One funny thing I also found is that some screws had come loose over the years. They are used to mount the OpAmps to a cooling brick. One of those three screws had vanished so I looked around inside the case and I found it: it was clinging to the speaker’s magnet!
Listen to the awful sound of only a tweeter. I recorded the speaker before taking it apart:
Because the Vandal’s spur gear always drags in the dirt when racing this awesome car it is subject to significant wear. To protect it a little bit from the sand I cut out a tiny piece of plastic that I glued to the bottom of the chassis frame with some CA and then covered it with duct tape. I hope it lasts longer this way.
After my first ride with the Vandal yesterday, the front wheels had lost power. I figured something must gone wrong with the front diff. So today I opened up the Vandal and discovered, the screw that holds the drive shaft to the gear box simply had come loose.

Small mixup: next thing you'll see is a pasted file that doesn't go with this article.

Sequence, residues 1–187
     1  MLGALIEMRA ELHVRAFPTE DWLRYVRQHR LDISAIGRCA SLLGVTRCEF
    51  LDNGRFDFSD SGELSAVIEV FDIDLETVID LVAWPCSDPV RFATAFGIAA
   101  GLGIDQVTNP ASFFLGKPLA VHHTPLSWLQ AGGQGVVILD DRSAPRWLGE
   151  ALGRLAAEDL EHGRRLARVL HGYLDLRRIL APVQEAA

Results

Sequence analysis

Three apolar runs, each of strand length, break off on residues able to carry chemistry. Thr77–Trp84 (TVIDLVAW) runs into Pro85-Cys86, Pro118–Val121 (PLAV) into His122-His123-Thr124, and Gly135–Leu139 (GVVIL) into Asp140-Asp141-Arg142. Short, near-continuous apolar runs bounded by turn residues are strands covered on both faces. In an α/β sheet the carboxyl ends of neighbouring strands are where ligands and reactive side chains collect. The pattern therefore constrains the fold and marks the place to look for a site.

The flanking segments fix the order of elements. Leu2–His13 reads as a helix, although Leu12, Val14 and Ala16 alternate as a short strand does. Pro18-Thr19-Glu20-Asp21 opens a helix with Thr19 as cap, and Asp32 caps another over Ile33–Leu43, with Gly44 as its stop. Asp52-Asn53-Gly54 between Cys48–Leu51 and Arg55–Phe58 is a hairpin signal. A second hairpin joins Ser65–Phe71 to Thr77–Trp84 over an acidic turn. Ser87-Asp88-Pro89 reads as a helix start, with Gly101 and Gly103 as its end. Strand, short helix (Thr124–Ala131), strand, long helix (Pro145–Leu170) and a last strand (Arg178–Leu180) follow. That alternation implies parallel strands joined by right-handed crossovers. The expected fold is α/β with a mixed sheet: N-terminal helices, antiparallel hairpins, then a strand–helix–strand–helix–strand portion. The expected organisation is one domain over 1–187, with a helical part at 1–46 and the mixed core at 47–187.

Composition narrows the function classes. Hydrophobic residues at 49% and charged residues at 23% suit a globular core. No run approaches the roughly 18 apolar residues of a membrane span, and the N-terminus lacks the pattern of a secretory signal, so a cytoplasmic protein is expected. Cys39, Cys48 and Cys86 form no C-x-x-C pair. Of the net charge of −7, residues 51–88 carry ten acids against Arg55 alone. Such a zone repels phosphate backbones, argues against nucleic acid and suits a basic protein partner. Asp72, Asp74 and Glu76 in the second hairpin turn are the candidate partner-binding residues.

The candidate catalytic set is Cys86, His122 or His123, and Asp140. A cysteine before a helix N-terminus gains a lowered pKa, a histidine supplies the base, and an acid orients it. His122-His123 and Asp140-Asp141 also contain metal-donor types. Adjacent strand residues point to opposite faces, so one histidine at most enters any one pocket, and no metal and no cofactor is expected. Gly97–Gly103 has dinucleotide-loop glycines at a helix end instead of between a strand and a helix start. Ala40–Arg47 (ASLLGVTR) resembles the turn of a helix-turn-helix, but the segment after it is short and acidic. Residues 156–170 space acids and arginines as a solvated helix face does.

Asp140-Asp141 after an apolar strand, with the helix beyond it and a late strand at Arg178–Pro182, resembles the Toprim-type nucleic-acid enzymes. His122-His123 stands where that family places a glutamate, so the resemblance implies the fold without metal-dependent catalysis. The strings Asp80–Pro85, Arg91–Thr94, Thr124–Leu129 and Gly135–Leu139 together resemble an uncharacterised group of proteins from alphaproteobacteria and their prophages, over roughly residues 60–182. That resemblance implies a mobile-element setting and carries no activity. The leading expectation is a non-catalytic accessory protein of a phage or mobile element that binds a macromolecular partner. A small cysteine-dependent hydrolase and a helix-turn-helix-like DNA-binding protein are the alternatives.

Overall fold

When I started getting into the hobby and I looked around for transmitters I was really confused with “modes”! What are those modes? Well, it turns out there are two very different things called modes in the R/C hobby.
Transmitter Modes 1 to 4
The first thing to know is that there are different ways to lay out the actual control sticks on a transmitter to control different axis of a model. For people just starting out or getting into model aircrafts I would recommend a transmitter in mode 2. This today is the most common way to lay out the controls. Mode 2 transmitters have the throttle function of the model controlled by the left stick:
Flight modes are usually used to help switch between settings in different phases of flight quickly.
This is accomplished by flicking a certain switch.